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People v. Gentry

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Brief Fact Summary. The Defendant, Stanley Gentry (Defendant), was convicted of attempted murder after pouring gasoline on his girlfriend, which then ignited.

Synopsis of Rule of Law. The crime of attempt requires intent to do an act constituting a substantial step toward committing a crime and a specific intent to commit the crime attempted.

Points of Law - Legal Principles in this Case for Law Students.

To warrant interference with a verdict of guilt on the ground of insufficiency of evidence, the court must be convinced that the evidence was manifestly inadequate and that consequent injustice has been done.

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Facts. The Defendant and the victim, the Defendant’s girlfriend, had been arguing. During the argument, the Defendant intentionally poured gasoline on the Defendant. The gasoline ignited when the victim went near the stove. The Defendant smothered the flames with a coat, but the victim was severely burned.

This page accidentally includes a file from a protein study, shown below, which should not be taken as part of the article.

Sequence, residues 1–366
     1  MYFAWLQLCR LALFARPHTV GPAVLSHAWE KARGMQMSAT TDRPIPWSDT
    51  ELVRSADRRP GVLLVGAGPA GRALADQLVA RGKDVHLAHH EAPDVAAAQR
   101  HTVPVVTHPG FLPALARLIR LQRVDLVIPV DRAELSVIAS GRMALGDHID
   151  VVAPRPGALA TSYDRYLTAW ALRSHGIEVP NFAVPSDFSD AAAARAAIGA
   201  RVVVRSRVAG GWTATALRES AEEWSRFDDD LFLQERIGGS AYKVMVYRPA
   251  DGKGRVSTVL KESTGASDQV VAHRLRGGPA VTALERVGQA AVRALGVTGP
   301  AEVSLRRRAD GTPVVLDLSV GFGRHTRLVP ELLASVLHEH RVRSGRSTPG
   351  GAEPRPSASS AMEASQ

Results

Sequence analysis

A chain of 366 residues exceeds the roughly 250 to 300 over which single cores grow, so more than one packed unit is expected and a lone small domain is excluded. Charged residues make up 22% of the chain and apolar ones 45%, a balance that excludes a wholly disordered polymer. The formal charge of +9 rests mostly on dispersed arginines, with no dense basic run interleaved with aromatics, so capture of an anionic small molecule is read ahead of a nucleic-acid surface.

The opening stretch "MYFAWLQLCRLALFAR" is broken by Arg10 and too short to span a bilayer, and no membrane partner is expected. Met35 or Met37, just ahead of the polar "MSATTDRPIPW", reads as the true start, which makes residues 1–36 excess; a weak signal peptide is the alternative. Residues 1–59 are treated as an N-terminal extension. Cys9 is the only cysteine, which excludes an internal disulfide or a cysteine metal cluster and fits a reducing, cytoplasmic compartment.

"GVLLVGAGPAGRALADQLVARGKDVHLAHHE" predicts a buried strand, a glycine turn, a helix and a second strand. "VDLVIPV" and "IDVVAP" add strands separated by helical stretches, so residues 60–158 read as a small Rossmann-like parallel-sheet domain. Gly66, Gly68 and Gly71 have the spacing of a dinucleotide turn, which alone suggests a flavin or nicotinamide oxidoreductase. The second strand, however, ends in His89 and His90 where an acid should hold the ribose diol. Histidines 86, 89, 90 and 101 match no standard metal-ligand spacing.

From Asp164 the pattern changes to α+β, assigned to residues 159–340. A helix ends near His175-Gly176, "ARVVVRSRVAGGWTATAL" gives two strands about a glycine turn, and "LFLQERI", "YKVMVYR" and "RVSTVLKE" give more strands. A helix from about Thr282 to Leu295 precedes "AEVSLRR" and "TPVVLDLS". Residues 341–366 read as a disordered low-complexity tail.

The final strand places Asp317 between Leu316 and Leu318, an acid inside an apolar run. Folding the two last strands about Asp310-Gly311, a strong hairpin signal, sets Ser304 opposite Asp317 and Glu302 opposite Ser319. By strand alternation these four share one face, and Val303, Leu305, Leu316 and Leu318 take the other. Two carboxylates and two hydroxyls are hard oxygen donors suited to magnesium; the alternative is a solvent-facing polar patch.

Issue. Must the Defendant specifically intend to commit the crime attempted?

Held. Yes. In the case of attempted murder, the Defendant must intend to actually kill the victim. Here, it was the Defendant himself who extinguished the fire caused by his pouring of gasoline on the victim. There was also no evidence that he started the fire on the victim. The trial court incorrectly instructed the jury on the various mental states for murder, which implied that the Defendant could be guilty of attempt if he possessed any of the mental states for murder.

Discussion. Attempt requires that the defendant intend to commit the crime attempted.

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